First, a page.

I will put enmity between you and the woman, and between your offspring and her offspring; he shall bruise your head, and you shall bruise his heel.
And he said to them, “O foolish ones, and slow of heart to believe all that the prophets have spoken! Was it not necessary that the Christ should suffer these things and enter into his glory?” And beginning with Moses and all the Prophets, he interpreted to them in all the Scriptures the things concerning himself. … Then he said to them, “These are my words that I spoke to you while I was still with you, that everything written about me in the Law of Moses and the Prophets and the Psalms must be fulfilled.” Then he opened their minds to understand the Scriptures, and said to them, “Thus it is written, that the Christ should suffer and on the third day rise from the dead
Luke 24:25-27, 44-46
Genesis 3:15 and Luke 24:25-27; 44-46 stand on different sides of the cross of Jesus Christ, but both communicate a message of the glory of God in Christ through the redemption of his people—or, stated more simply, the message of the kingdom of God in Christ. Over one hundred and fifty years ago, Benjamin Keach described Genesis 3:15 as a text the theme of which runs through the entire Scripture and declares the glory of God in the triumph of the kingdom of Christ:
So the breaking of his head is to be performed by the Messiah, the God-man, and signifies the destruction of the power and kingdom of the devil, and Man’s redemption, from its tyranny and vassalage. Our Savior is figured here as a magnificent hero, who with his feet tramples upon the serpent or dragon and breaks his head. . . . By the seed of the serpent the whole power and troop of Devils and wicked men, who study the overthrow of Christ’s kingdom, is metaphorically represented . . . Christ will destroy the power of the Devil (Preaching from the Types and Metaphors of the Bible, Kregel, 1972, 60, 193).
In From Creation to Consummation, Gerard Van Groningen points the reader to the great cosmic struggle between the kingdom of Satan and the kingdom of Christ that is evident in Genesis 3:15:
And the protoevangelium[first gospel] heralded the certain victory of the seed of woman and the assured continuity of Yahweh God’s cosmic kingdom within which the parasite kingdom of Satan would exist and be active. The protoevangelium also implied what was to be the major factor in the assured course of history-the tension, the battle, and outcome of that divinely determined history” (Creation to Consummation, Dordt Press, 1996, 131).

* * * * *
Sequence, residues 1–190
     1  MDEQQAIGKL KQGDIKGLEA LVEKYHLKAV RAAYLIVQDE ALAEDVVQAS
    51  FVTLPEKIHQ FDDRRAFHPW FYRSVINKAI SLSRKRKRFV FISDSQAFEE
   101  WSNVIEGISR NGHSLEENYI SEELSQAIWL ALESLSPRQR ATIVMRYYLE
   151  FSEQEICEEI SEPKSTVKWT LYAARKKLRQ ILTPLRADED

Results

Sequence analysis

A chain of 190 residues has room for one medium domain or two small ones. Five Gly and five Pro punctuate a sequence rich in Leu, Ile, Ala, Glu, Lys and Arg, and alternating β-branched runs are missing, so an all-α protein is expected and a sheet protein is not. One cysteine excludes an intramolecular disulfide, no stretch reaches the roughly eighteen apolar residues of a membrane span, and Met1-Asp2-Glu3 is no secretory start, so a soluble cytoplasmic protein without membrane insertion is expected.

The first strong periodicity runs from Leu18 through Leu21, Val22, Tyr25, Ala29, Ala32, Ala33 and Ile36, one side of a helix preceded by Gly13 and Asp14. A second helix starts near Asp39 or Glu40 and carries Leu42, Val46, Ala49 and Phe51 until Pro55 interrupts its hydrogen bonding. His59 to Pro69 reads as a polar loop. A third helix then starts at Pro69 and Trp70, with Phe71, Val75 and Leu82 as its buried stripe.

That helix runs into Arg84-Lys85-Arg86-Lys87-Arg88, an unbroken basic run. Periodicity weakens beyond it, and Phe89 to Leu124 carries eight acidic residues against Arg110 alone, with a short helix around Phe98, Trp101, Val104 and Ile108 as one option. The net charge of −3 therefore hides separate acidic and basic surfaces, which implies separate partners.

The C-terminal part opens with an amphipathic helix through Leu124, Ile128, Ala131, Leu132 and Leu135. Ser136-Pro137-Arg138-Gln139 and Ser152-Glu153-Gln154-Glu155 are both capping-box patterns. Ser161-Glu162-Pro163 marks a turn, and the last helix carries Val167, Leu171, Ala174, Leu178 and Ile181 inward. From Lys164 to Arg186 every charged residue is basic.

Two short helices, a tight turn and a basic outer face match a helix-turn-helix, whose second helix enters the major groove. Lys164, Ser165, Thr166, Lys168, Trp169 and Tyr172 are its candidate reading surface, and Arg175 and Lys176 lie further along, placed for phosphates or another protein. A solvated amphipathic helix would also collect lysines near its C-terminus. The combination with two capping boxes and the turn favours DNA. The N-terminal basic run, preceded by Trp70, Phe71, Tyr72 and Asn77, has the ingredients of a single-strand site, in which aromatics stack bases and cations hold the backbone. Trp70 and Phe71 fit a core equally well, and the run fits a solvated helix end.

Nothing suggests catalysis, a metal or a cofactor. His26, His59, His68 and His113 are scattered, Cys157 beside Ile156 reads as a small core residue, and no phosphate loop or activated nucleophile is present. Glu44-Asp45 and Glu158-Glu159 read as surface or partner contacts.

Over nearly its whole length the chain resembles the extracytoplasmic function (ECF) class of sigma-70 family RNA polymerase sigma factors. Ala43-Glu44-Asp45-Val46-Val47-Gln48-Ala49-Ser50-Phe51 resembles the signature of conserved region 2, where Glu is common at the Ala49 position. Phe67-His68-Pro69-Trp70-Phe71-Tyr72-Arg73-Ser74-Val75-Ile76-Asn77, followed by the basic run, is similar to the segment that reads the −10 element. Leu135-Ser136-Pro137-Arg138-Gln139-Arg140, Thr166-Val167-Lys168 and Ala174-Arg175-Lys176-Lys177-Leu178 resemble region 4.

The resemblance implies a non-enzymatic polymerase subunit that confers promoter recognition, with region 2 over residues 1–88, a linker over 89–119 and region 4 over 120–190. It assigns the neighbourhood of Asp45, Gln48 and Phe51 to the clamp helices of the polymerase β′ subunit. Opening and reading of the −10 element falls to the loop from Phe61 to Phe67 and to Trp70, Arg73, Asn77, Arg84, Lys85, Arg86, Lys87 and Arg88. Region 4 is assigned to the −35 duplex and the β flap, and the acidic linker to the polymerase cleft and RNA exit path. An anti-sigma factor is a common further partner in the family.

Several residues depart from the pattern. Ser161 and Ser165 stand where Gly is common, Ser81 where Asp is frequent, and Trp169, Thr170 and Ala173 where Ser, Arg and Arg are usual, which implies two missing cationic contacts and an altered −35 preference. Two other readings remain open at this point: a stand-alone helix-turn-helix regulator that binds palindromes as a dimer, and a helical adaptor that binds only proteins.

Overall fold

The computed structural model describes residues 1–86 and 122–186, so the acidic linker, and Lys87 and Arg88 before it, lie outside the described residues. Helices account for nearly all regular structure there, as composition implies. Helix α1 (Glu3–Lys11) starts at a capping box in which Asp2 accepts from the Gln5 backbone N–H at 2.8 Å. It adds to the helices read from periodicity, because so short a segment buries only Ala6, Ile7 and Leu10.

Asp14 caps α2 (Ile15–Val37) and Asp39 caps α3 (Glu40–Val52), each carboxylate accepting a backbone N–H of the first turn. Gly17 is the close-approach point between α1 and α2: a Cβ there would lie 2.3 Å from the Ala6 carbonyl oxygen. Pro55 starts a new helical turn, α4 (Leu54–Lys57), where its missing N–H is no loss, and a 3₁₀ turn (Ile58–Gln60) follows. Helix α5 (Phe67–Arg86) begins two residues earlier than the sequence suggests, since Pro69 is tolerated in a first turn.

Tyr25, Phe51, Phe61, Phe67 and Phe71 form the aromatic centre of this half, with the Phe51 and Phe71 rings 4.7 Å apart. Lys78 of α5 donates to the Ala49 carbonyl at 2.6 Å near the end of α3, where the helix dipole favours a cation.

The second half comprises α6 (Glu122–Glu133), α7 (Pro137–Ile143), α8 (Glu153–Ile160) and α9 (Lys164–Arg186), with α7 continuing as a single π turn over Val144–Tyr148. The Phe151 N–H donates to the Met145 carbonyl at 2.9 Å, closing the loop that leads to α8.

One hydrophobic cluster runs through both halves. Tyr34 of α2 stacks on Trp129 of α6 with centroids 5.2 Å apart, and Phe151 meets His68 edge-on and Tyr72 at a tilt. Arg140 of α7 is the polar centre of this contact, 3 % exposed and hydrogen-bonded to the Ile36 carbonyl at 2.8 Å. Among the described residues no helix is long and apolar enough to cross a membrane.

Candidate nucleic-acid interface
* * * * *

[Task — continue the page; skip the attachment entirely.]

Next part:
In the Acts of the Apostles, Luke recorded that, in the forty days between Jesus’ resurrection and ascension, he appeared to his disciples teaching “about the kingdom of God” (Acts 1:3). George Eldon Ladd notes, “We are undoubtedly to understand this to mean that he was instructing them in the relationship between his proclamation of the Kingdom of God and his death and resurrection” (A Theology of the New Testament, Eerdmans, 1993, 368). Jesus’ conversation with the two discouraged disciples on the road to Emmaus was a lesson about his kingdom. He was also providing a Christocentric, kingdom-focused hermeneutical lesson when, a short time later, he appeared to the larger group of disciples and “opened their minds to understand the Scriptures” (Luke 24:45).
The resurrected Christ was providing his disciples with an exposition of the first gospel promise in Genesis 3:15, of all its glorious unfolding in the Scripture, and, ultimately, of the fulfillment of the promises in him, the one in whose presence the kingdom of God was at hand (Matt 3:2, 4:17, 10:7; Mark 1:15). Bruce Demarest writes, “It is obvious even to the casual reader that the central message of the Bible concerns the spiritual recovery or salvation of lost men and women. From the Protoevangelium [first gospel] of Gen 3:15 to Rev 22:21, Scripture relates the grand story of how God has acted in grace to save his wayward image-bearers” (The Cross and Salvation, Crossway, 2006, 25).
His message to them was that he is the promised seed of woman, the last Adam, the greater Son of David, the anointed messianic king, who will crush the head of the serpent and redeem his people (Rev. 12:9). He is the one who brought the glories of the age to come into this present evil age and who will one day return to consummate his eternal kingdom in a new heavens and new earth. Gerard Van Groningen explains,
To think of eschatology is to think of the messianic task. Biblical messianism and eschatology are inseparable. The seed of the woman will determine the full dimensions of the restored fellowship between the sovereign Lord and his viceregents. It will determine the future of mankind’s status, position, and function in the cosmos, and because of that, a future for the cosmos as well” (Messianic Revelation in the Old Testament, Wipf and Stock, 1990, 115).
After the ascension of Christ, the apostles preached every text in light of this Christocentric, kingdom-focused, biblical-theological vision, and this same vision must shape every faithful preacher’s sermons today (Acts 1:3, 2:36, 8:12, 14:22, 17:7, 19:8, 20:25, 28:23, 31; 1 Cor. 2:2; 2 Cor. 4:6; Col 1:13; Heb 12:28; Rev 1:6, 9). After listing Genesis 3:15 and Luke 24:25-46 as key texts, Sinclair Ferguson conjectures that Jesus began his conversation with the weary disciples on the road to Emmaus with Genesis 3:15 and concludes, “We could say that [the Bible] is simply a series of extended expressions, footnotes, and expositions of this word of conflict in Genesis 3:15—and ultimately of Christ’s final victory over the serpent” (“The Christ of History,” in These Last Days: A Christian View of History, P&R, 2011, 2-3). Preaching the gospel of Jesus Christ is the alpha and omega of faithful pulpit ministry.